As the Chittenden County Forester for the Vermont Department of Forests, Parks and Recreation, my job can be broadly described as negotiating the relationship between humans and the forested ecosystems of Chittenden County. To this end, I serve as a resource for landowners, communities, and individuals interested in forests, forest management, and land stewardship. Through my work I have the opportunity to observe the ‘big picture,’ the trends and forces that influence our forested ecosystems over time. One of the most disturbing of these trends is the threat posed by invasive exotic plants, which present a disturbing vision of the future of our forests. In my view, the presence of these species represents a theoretical ‘endpoint’ in the growth and development of our forested ecosystems.
In the remarkably diverse forested ecosystems of the northeastern United States, we are blessed with a suite of native species that regenerate readily following disturbance events. Our forests utilize a simple scheme to do this: when some trees die, others capitalize on the opportunity to establish and grow. While this may seem obvious, in many parts of North America the regeneration of native trees is no easy thing, and it is the exceptional diversity and richness of our forested ecosystems that make this possible. We humans benefit from this capacity by having new trees constantly establishing and growing, ready for us to tend, harvest, and enjoy.
In the midst of this abundance, it is easy to ignore invasive plants as they establish and slowly spread through the understory of a forest. We put off their removal, saying that we will address the issue when these species become a problem. However, when trees in the overstory of a woodlot succumb to natural mortality, become mature, or start to decline, we are forced to encounter these species head-on. I have seen many cases where the loss of an overstory, which is normally rewarded with a diverse crop of native seedlings, is met only by a sea of invasives. Unless they are removed, these invasive plants will occupy these areas, inhibiting the forest’s natural regeneration process, indefinitely. This is the ‘endpoint’ to which I refer, a moment at which the cycle of life in a forested ecosystem is arrested into the indefinite future.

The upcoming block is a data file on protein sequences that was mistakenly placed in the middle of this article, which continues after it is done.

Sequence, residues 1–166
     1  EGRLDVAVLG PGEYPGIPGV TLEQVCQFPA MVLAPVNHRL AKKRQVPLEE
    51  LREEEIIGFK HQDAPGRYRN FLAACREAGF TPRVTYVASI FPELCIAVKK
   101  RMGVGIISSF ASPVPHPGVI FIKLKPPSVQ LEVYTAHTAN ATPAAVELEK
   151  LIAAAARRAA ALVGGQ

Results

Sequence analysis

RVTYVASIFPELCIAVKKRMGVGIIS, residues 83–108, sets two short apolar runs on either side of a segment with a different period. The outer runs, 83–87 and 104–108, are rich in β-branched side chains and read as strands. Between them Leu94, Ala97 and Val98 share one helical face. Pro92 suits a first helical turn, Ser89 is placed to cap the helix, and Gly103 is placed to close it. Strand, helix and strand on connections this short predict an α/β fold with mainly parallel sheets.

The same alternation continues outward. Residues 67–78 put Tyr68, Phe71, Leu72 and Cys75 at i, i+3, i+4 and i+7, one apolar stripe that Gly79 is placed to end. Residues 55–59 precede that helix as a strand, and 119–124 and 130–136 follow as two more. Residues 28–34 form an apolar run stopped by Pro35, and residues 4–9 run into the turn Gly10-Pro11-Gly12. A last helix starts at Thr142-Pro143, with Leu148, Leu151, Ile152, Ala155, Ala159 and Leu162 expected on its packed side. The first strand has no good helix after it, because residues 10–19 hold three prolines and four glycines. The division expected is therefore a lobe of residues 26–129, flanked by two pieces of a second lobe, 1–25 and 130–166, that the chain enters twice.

Taken broadly, I see this trend applying to many of our forests, given enough time and inactivity. So, what do we do? The days may be gone when any disturbance will automatically trigger an abundance of native regeneration, but this doesn’t mean that our forests’ days are numbered. These days, when I see a single invasive plant on a landowner’s property, I tell them that they have an invasive plant problem. The truth is that all of us, even those who have never seen one of these plants, have an invasive plant problem. My dream is to see concentrated, community-wide efforts in the removal of these species, in recognition of the fact that these species don’t stop at property lines, and neither do our forests. I hope that we can use these actions as a springboard to talk about how to make the forests in our region, and all those reliant on them, healthy into the indefinite future.
Article by Ethan Tapper, Chittenden County Forester, VT Department of Forests, Parks and Recreation.
Photo credit: Lee Krohn, UCF Council